The animated film as we know it has existed for nearly a century – an art form that, like live-action film, grew from shorts to become a major means. If 1937’s Snow White and The Seven Dwarfs marked the beginning of Walt Disney Animation Studios’ feature-length output, the animated film flourished and evolved from there, spawning brand spanking new furthering, new narrative opportunities, new studios, and unique graphic styles.
You can never be too old to watch cartoons, but the window of opportunity for your children to snuggle up next to you on the couch to watch one with you is much shorter than you might think. Make sure to add such best-animated movies to your watch list before they keep moving on to bigger and louder blockbusters.
Here is the list of the 14 best animated movies that you must watch with your friends.
14) Your Name (2016)
Your Name is a 2016 Japanese animated love fantasy film distributed by Toho and produced by CoMix Wave Films. It features a Tokyo high school boy and a Japanese rural high school girl who start swapping bodies for no apparent reason.
Mitsuha Miyamizu is a high school student in the Japanese town of Itomori 2013. She wants to be a Tokyo lad in her next life because she is bored with the town. She begins to switch bodies with Taki Tachibana, a high school male in Tokyo, for no apparent reason one day.
As a result, on some mornings when they wake up as each other, they must live through the activity and group interactions of the other. They learn to communicate with one another by writing notes on paper, cellphones, and even on their skin. Mitsuha arranges for Taki to date colleague Miki Okudera, while Taki makes Mitsuha popular at school.
13) Ratatouille (2007)
Ratatouille’s beauty isn’t just that Pixar developed a picture about a rat chef that doesn’t make you want to throw up — it’s also the sensual perfection of it. The most astounding trick of director Brad Bird is turning odours into views — components become abstract colour wafts that complement each other as sub-par dishes become works of culinary beauty, all accompanied by Michael Giacchino’s exquisite score. Remy, a rat with a flair for cooking, links up with hapless human Linguni to bring his meals out into the world, is voiced by Patton Oswalt.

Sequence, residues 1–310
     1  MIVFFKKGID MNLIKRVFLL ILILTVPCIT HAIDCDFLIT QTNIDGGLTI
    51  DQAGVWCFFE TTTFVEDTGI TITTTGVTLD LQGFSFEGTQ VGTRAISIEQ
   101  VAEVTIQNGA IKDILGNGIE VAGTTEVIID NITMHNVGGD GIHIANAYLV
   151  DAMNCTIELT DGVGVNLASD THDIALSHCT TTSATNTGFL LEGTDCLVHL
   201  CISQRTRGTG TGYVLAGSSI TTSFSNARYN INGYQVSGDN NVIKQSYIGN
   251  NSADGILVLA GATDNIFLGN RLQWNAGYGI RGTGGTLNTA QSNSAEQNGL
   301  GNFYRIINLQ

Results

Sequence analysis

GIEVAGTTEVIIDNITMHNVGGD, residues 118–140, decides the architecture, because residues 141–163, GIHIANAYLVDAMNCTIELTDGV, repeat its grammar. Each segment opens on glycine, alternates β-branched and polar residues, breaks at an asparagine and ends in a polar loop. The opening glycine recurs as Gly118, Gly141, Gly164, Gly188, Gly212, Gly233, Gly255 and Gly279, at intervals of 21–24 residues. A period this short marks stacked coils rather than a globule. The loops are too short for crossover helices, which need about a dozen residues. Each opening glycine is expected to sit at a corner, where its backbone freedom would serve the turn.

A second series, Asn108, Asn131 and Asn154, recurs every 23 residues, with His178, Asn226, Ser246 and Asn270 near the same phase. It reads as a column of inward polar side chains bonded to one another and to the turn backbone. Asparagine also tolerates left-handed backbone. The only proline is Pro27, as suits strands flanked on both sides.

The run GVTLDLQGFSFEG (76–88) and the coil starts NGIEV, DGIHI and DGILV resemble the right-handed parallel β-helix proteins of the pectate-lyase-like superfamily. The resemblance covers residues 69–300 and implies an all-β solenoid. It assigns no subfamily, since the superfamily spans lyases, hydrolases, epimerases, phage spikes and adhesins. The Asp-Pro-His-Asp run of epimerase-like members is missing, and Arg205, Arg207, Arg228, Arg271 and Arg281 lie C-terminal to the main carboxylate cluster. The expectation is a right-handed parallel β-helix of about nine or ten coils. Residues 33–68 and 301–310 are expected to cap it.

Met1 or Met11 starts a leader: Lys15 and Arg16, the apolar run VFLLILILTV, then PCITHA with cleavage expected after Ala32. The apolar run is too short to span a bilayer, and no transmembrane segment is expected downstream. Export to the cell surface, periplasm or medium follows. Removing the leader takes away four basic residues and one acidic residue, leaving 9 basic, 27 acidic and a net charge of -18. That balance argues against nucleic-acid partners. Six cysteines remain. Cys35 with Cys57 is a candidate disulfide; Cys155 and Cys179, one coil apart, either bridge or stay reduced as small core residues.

The discovery of the genuine little chef, however, would mean doom for Remy’s future, given his rodent status. Even by Pixar’s high standards, this underappreciated picture is brimming with charm and beauty — just look at the sequence where snobbish critic Anton Ego takes a spoonful of the titular dish and is brought back to the joy and love of his own mother’s cooking. Not bad for a movie with a simple pun title.
12) Up (2009)
Everyone talks about Up’s first ten minutes. And rightfully so: it’s a mini-masterpiece in and of itself, as charming couple Carl and Ellie experience the highs (marriage, picnics, dancing) and lows (miscarriage, grief) of life in a single montage guaranteed to bring tears to your eyes.
But what follows is equally miraculous: a wild, strange adventure film in which Carl, an older man, and Russell, an active boy scout, unintentionally float away to South America on a flurry of colourful balloons, encountering a big bird named Kevin, a group of talking dogs, and a wicked adventurer. It’s a complex mix, but director Pete Docter pulls it all together brilliantly – the genuine pain and exotic escapism exist in perfect harmony. That’s a Pixar supernatural event right there.
11) Madagascar (2005)
Marty the zebra celebrates his 10th birthday at the Central Park Zoo, but he is tired of his daily routine and longs to see the wild. Alex the lion, Marty’s best friend, enjoys flaunting his celebrity position as “the king of New York” in front of the public.
Alex tries to cheer Marty up, but Marty remains unsatisfied and discovers that the zoo’s penguins—Skipper, Kowalski, Rico, & Private—are attempting to flee. Marty is pursued by Alex, Melman the giraffe, and Gloria the hippopotamus, who try to persuade him to return. The four, together with the penguins and two chimps named Mason and Phil, assemble at Grand Central Station, where they are tranquillized using tranquillizer guns by police.
10) The Lion King (1994)
The Lion King, released during Disney’s renaissance in the 1990s, saw the studio at the pinnacle of its powers – and its anthropomorphized animal take on Hamlet is a marvel. As lion cub Simba grows up in the grandeur of Pride Rock, suffers an existence parental death, and finally takes his father’s place as the monarch of the animal kingdom, it’s a coming-of-age narrative laced with murder and treachery.
When Simba walks away from home, Timon and Pumbaa (Nathan Lane and Ernie Sabella) emerge as gemstone sidekicks, the Elton John-penned songs are magnificent, and none other than James Earl Jones gives his thunderous voice to patriarch Mufasa. Even after all these years, it’s evident that The Lion King isn’t a fad.
9) Toy Story 2
Toy Story 2 is a computer-animated film directed by Pixar Animation Studios and released by Walt Disney Pictures in 1999. It is the second episode in the Toy Story franchise and the sequel to Toy Story, directed by John Lasseter and co-directed by Ash Brannon and Lee Unkrich (1995). Woody gets kidnapped by a toy collector in the film, leading Buzz Lightyear, and his companions to save him, but Woody is subsequently enticed by the prospect of immortality in a museum.